Recently I came across a new recording of the French composer Gauberg ilisted n one of the UK Music magazines.  There is some ibit little info on te Internet.  The Symphony in F is listed as availabe at Amazon.com Fr. What little I learned was that he wrote significantlt for flute.  For me, no interest there.  But then I read there was a symphony.  Influences are Franck, Debussy, Ravel. I like music of the early 20th century romantics/impressionists.  Does anyone know anything about this little known composer? 

Offline schweitzeralan

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Re: Philippe Gaubert (1879-1941)
« Reply #7 on: February 08, 2009, 02:36:04 PM »
Recently I came across a new recording of the French composer Gauberg ilisted n one of the UK Music magazines.  There is some ibit little info on te Internet.  The Symphony in F is listed as availabe at Amazon.com Fr. What little I learned was that he wrote significantlt for flute.  For me, no interest there.  But then I read there was a symphony.  Influences are Franck, Debussy, Ravel. I like music of the early 20th century romantics/impressionists.  Does anyone know anything about this little known composer?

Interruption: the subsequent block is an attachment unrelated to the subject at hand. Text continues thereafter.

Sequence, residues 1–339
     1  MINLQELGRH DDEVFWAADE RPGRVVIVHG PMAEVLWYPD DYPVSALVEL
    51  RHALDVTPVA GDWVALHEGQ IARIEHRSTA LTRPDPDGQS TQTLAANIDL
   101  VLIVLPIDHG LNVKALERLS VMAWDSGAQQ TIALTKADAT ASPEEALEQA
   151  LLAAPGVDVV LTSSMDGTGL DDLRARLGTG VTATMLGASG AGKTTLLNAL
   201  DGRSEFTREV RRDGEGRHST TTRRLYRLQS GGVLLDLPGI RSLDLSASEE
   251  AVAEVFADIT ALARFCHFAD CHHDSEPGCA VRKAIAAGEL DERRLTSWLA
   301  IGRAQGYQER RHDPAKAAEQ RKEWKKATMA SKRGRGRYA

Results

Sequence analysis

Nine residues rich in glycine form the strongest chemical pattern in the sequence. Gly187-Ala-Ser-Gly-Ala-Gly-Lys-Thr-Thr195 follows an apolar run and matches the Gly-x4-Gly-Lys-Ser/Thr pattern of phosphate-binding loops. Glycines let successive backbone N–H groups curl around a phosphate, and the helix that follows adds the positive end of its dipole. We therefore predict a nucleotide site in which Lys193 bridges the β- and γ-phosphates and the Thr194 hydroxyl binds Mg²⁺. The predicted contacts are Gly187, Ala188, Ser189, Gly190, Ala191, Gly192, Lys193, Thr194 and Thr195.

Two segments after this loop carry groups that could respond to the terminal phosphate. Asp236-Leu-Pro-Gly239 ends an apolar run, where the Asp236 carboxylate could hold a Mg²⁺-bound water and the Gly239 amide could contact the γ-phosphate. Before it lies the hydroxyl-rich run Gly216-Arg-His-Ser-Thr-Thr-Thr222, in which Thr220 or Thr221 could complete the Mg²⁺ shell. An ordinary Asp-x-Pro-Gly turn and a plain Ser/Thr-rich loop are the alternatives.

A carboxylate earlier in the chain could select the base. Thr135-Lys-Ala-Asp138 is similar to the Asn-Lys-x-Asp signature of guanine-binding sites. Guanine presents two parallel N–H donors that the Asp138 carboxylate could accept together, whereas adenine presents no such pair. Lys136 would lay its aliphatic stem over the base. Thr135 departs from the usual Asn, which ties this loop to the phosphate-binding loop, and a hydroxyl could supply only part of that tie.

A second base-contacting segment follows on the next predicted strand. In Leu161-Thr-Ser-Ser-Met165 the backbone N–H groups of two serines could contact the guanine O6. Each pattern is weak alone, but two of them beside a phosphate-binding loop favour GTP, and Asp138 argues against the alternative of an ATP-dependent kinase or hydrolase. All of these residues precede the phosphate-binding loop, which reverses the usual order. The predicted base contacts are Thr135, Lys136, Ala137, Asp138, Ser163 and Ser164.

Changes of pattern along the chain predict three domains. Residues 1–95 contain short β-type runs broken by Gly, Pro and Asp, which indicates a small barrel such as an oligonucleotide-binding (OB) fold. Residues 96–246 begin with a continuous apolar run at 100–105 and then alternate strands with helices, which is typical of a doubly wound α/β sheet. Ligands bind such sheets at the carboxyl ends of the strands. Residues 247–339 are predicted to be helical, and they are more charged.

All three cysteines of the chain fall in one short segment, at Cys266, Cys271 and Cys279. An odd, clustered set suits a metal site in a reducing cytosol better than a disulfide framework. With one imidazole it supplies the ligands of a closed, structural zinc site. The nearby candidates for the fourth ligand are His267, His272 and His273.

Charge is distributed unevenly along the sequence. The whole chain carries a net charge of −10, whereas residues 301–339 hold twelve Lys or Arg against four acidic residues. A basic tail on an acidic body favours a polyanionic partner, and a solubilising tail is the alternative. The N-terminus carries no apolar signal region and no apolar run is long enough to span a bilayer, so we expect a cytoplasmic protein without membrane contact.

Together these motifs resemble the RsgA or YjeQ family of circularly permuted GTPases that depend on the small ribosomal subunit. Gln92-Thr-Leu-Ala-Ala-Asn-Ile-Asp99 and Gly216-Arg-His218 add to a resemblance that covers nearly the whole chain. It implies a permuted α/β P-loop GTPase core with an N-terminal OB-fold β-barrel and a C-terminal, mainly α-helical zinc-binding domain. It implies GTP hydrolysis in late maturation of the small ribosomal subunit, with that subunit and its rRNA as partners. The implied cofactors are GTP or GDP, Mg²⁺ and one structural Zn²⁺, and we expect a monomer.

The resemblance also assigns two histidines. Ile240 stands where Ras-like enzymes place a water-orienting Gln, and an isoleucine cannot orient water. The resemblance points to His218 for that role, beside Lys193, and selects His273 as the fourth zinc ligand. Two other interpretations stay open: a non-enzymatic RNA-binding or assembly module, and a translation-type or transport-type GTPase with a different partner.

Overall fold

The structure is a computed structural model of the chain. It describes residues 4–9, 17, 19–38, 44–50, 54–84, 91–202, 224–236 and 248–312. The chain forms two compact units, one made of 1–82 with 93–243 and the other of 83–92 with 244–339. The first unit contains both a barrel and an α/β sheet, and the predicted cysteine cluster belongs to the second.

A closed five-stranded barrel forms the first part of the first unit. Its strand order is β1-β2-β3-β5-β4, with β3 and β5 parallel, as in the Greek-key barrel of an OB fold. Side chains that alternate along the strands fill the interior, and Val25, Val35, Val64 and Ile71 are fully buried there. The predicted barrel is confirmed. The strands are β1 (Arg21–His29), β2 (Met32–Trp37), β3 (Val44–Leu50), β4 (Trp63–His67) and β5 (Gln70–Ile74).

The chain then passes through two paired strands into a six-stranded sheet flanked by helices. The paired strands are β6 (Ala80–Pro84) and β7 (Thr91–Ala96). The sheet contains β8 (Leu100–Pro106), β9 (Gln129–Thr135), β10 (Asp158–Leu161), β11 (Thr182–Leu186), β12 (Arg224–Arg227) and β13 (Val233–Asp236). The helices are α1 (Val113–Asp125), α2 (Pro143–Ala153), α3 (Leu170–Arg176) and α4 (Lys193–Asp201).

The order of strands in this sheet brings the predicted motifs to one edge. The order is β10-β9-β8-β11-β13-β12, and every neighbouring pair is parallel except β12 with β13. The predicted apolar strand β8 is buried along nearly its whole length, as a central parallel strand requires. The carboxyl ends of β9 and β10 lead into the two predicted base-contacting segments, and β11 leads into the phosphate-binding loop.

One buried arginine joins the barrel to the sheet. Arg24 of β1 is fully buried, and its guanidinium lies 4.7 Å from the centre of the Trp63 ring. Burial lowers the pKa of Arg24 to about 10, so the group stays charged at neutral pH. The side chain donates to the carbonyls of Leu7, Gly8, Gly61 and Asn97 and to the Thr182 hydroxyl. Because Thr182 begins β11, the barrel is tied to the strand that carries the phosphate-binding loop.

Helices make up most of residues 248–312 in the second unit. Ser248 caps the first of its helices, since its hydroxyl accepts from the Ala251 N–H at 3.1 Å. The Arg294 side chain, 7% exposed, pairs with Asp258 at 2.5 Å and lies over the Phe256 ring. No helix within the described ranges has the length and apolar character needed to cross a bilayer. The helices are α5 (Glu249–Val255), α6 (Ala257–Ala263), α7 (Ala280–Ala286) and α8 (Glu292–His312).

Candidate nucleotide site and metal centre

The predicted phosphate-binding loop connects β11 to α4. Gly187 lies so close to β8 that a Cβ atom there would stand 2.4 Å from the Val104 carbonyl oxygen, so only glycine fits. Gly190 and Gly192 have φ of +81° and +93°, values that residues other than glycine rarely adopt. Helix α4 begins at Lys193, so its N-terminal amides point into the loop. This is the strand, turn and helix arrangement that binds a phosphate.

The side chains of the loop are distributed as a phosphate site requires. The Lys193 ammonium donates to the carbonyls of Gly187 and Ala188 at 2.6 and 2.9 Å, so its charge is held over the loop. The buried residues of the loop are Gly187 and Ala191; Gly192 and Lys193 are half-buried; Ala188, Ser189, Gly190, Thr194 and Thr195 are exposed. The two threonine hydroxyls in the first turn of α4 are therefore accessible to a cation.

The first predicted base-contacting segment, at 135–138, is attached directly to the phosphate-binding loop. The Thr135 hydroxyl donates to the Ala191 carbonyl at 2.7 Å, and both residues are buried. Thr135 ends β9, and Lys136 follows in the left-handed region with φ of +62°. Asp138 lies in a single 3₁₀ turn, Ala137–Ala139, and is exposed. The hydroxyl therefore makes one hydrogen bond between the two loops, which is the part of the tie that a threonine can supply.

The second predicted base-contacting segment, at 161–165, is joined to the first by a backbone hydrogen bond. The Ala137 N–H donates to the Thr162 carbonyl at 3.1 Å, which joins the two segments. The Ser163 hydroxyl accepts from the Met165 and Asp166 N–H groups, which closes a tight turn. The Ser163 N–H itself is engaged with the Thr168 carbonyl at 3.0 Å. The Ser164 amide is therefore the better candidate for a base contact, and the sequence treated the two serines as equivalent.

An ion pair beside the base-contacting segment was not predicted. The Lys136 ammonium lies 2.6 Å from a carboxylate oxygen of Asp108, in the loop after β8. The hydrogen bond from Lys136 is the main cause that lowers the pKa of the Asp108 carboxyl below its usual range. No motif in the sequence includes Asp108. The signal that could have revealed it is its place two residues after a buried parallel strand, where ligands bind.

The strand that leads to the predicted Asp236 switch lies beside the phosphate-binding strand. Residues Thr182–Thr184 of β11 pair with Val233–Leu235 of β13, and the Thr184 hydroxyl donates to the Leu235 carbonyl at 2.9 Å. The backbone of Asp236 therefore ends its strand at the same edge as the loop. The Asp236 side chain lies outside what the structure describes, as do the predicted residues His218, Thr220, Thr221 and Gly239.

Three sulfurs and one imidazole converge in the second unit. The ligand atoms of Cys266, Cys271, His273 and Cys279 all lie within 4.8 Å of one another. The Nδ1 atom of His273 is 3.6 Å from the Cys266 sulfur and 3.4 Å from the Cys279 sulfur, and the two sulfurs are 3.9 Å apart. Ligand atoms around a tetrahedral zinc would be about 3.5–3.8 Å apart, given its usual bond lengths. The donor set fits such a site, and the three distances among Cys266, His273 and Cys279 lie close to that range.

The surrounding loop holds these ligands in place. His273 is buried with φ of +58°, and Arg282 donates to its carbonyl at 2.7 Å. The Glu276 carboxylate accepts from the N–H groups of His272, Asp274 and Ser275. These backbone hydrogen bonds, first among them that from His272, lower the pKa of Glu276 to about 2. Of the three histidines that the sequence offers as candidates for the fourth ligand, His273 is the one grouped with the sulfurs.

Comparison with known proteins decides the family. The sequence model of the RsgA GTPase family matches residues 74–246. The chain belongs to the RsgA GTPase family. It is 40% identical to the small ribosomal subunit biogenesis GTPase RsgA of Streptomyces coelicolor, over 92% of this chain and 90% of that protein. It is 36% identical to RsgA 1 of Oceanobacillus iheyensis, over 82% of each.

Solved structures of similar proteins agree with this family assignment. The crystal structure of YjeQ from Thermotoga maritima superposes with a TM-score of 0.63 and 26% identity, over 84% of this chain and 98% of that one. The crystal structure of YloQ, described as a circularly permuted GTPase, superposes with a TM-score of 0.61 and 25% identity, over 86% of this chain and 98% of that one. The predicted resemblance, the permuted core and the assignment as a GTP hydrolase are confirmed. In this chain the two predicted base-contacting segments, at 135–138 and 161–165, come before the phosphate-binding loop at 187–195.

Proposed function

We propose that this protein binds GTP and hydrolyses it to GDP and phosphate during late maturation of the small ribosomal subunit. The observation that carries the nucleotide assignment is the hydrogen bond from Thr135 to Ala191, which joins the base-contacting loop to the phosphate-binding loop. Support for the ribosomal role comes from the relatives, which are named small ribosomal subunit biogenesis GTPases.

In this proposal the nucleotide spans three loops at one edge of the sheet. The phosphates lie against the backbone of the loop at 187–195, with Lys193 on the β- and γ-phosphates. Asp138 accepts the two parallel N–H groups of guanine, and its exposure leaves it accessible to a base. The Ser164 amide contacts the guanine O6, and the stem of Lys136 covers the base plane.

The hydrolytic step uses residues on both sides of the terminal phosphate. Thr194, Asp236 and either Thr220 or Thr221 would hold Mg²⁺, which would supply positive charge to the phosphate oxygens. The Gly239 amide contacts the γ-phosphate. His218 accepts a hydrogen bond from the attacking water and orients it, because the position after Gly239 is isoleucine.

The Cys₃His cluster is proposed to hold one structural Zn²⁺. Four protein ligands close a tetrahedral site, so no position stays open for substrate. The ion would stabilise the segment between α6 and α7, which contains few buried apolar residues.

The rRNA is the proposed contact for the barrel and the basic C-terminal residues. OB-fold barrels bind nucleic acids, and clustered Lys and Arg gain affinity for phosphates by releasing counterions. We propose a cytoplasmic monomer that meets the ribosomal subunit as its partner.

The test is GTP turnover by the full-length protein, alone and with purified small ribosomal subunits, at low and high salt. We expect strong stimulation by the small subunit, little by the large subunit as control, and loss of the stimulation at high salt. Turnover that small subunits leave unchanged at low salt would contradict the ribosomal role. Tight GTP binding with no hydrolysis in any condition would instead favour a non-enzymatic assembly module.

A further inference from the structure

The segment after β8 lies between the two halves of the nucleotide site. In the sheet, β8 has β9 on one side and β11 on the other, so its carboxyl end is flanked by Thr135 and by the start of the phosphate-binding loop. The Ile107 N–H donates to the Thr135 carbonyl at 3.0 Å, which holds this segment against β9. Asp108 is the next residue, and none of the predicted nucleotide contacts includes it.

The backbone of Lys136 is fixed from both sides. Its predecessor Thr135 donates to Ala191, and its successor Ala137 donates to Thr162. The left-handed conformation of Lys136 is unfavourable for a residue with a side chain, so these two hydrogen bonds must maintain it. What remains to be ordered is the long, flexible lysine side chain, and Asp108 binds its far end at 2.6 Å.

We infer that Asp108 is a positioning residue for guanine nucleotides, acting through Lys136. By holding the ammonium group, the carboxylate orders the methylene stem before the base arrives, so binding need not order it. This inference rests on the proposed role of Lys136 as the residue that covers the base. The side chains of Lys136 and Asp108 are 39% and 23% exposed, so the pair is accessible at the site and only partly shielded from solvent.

OK.  I'm answering my own question. I located a site which briefly gives an overview of his style.  It appears that he was an expert flautist and a fine conductor.  His Symphony in F leaves, however, much to be desired according to the brief criticism of his work. The brief analysis I happened to come across states that Gaubereg's symphony and his chamber works do evince to a minimal extent works of several of his contemporaries; but, for the most part his one symphony lacks substance, innovation, or depth. Let this one go. 
« Last Edit: February 08, 2009, 03:12:31 PM by schweitzeralan »

Offline Dundonnell

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Re: Philippe Gaubert (1879-1941)